2022W1: Exploring Gaming Education in the Military for Cultural Heritage Protection- A HRC & DCOE-PS Research Engagementship (Cohort 3)


This co-curricular opportunity is a collaboration between the UBC Human Rights Collective (HRC), Dallaire Centre of Excellence for Peace and Security (DCOE-PS), and the UBC Office of Regional and International Community Engagement (ORICE). Students will engage in research and analysis to advance the understanding of the role of gaming in cultural heritage protection. Through a literature review of educational gaming approaches and key informant interviews, students will explore how cultural heritage protection games could be used to inform the Canadian Armed Forces (CAF) and engage youth in peace and security processes. Student research will be of use to the DCOE-PS, the HRC, and other organizations which work on the protection of cultural heritage sites. This project will meet at the intersection of military game development and human rights and how the two intersect with cultural property protection in the domestic sphere.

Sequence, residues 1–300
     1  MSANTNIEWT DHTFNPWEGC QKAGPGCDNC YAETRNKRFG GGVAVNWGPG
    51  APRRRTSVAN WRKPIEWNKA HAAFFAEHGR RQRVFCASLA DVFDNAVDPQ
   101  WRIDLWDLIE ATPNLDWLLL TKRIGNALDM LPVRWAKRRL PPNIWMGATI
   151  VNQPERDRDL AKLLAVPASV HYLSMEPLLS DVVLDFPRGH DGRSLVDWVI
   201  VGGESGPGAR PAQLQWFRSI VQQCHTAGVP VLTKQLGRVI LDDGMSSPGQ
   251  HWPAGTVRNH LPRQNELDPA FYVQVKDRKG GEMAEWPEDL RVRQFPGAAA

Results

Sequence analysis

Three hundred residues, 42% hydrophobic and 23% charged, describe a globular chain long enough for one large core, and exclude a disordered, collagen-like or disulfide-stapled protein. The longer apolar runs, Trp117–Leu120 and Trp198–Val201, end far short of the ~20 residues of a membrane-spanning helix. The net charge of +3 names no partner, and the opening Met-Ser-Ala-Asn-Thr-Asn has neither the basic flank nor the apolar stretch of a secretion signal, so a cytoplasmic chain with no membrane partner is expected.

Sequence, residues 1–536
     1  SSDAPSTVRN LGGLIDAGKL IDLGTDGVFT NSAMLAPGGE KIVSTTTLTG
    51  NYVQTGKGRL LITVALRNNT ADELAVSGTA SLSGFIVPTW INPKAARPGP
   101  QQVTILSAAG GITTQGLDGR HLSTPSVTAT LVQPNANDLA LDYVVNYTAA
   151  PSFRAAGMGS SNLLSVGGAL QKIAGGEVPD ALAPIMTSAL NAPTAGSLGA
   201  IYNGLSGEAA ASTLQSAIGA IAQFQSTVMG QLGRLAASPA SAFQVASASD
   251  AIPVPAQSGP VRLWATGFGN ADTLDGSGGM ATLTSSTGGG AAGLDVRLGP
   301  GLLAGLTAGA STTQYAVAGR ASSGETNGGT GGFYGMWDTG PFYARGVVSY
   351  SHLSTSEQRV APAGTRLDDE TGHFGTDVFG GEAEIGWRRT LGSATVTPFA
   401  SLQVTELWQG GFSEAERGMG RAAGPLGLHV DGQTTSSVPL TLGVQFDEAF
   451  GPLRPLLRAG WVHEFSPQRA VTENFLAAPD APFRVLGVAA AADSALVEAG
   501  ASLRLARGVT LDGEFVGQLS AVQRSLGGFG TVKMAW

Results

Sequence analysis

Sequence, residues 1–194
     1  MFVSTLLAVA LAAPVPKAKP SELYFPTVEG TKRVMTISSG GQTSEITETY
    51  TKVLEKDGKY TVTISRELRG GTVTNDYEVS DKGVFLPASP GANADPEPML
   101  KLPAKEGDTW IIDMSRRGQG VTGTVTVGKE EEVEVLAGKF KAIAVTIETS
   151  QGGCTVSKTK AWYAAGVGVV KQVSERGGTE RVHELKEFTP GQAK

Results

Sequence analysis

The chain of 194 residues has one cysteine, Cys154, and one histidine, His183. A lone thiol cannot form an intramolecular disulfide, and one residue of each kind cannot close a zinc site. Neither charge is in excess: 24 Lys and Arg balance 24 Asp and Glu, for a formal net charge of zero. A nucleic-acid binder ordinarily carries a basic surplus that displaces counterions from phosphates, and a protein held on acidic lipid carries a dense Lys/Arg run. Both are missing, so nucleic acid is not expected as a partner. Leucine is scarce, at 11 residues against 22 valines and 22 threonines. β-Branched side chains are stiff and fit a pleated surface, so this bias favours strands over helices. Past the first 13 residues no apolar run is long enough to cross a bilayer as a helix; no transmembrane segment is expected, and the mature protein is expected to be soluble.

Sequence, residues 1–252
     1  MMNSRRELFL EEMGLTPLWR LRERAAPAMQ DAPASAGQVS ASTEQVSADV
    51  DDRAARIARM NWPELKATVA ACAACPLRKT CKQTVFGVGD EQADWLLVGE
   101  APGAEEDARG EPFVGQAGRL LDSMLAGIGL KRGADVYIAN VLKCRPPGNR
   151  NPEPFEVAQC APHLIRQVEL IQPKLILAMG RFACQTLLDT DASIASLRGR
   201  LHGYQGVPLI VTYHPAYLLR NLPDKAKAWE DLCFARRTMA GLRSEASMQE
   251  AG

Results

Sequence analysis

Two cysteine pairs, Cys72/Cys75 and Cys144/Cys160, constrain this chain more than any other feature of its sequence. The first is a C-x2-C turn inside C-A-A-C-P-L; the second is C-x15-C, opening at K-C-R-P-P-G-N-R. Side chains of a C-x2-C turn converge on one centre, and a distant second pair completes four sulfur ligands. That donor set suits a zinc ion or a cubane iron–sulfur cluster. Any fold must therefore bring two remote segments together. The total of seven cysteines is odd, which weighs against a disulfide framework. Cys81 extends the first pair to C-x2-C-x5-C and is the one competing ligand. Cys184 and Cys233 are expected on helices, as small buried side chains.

This is a multistage project with various cohorts that build on each other’s work. The final goal of the project is to situate the concept of Cultural Property Protection (CPP) within a Canadian context, informed by Canadian obligations as a member of the UN and NATO and as a party to numerous international laws and agreements. Another overarching goal is to build relationships among students, HRC/ORICE staff, and DCOE-PS staff. This project would allow students to gain insight into government processes, networks, and obtain research experience with potential chances for funded cultural heritage site visits. It would provide students with an immersive and interdisciplinary understanding of an issue and a particular stakeholder approach.